Hugs Influence Exoskeleton Design


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A bionic exoskeleton allows wheelchair users to stand and walk. Image: Ekso Bionics

Walking inventions to assist paraplegics, stroke victims, and others with mobility issues aren’t new, but Ekso Bionics has focused on trying to help take development to the highest level. Nathan Harding, CEO of the company, says it combined two military projects it had worked on—the ExoClimber and the Hulc (Human Universal Load Carrier). “The early units would have multiple straps on the thigh and the shank and then over the foot would have one,” he recalls. “And there were shoulder straps like a backpack and another on the patient like a cummerbund.”

Harding immediately saw that “no matter how crude” their early exoskeleton device was, the patients and doctors were extremely excited.

The prototype of the new device, dubbed Ekso, was about 85 pounds, and not weighing directly down on a patient, but to the side. Nevertheless, this still was an issue because the device needed to be balanced.

Some of the more difficult moments turned out to be the emotional ones. “For us, we’d be very nervous but the patients would be incredibly positive,” he recalls. Patients trying it out would usually come with family and the creators wanted it to have a stop button for the time being. The problem?

Matt Tilford is one of the Ambassadors for Ekso Bionics. Image: Ekso Bionics

“We didn’t perceive that families hadn’t gotten a really good hug from this person in a wheelchair in years,” he says. “The patient would stand up and the family would get so excited, and it was usually the mom who would come in for this amazing hug. And we’d have to say, ‘Don’t touch that button.”

He laughs at the memory: “I guess we needed to have the device be ready for hugs.”

Today, the device is different in terms of control and is seen by Harding as a helpful device for a rehabilitation center. “It’s adjustable, where you can go from one size patient to another in less than five minutes,” he says of the suit. Harding, who has a Master’s degree in mechanical engineering from the University of California, Berkeley, also says the firm’s software is built to help patients in early sessions, when they’re not as stable. “We can get 200 to 300 steps in the first session. That’s important for rehabilitation customers because a patient may only be reimbursed [by insurance] for 16 to 24 sessions. You want them to be able make the most of it.”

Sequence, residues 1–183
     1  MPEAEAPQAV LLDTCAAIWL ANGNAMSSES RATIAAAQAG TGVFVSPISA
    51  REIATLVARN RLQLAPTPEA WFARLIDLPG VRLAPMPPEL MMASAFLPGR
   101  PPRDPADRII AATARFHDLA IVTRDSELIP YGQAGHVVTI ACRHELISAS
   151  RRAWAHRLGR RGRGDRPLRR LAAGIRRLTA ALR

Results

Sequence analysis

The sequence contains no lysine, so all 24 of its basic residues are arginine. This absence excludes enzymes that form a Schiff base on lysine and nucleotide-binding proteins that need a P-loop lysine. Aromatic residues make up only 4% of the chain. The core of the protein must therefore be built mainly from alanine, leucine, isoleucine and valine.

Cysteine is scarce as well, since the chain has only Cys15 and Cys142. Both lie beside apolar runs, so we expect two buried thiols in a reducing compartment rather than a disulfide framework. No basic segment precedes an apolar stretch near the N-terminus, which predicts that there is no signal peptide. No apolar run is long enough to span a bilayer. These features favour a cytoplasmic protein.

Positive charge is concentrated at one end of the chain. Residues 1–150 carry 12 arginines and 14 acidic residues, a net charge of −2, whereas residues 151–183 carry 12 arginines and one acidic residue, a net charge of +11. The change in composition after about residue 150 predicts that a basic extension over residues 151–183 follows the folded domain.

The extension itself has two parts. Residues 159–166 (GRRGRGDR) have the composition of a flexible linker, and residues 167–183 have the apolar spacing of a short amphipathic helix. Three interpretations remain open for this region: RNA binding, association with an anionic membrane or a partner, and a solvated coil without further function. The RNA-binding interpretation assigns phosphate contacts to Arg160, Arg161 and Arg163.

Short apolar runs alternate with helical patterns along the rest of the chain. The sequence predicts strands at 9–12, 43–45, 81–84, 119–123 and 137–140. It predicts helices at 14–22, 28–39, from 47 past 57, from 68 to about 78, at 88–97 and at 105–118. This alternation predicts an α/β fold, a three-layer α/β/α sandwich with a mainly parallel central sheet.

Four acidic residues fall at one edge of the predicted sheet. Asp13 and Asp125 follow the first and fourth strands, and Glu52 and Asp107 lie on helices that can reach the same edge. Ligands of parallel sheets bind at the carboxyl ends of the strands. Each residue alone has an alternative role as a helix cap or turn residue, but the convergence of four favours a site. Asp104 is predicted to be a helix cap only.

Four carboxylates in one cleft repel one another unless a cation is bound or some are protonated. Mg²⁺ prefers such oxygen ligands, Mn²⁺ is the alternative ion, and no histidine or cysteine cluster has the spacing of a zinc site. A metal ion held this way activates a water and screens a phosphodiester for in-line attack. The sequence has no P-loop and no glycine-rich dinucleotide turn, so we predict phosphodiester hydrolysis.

The suit’s material is now comprised of mainly aluminum components with a small amount of carbon fiber. Designers also called on an artist who utilized leather and a patient without motor control in his legs but who still had 100% sensation. He helped work on the material to avoid skin injuries. Harding says avoiding skin injuries is a top issue for those with paraplegia. The suit’s weight has now been reduced. Harding says the device weighs about 50 pounds with a battery.

Still Steps to Take

Harding believes the best is yet to come. “We’re at the very beginning of what the human exoskeleton industry can do and we’ll have people running faster, jumping higher,” he says. “It will culminate in things like a grandma showing off her ‘exopants,’ which allow her to go on a walk with her grandkids, when before, she would maybe be too tired.”

And, for Harding, he’s anything but tired when it comes to trying to further the technology. “It’s a wonderful thing to be working on this because it’s a very positive way to use technology,” he says. “But it’s also a big responsibility, too. Because we’ve got to see it through for them.”

Eric Butterman is an independent writer.

We didn’t perceive that families hadn’t gotten a really good hug from this person in a wheelchair in years.”

Nathan Harding, CEO, Ekso Bionics

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April 2015

by Eric Butterman, ASME.org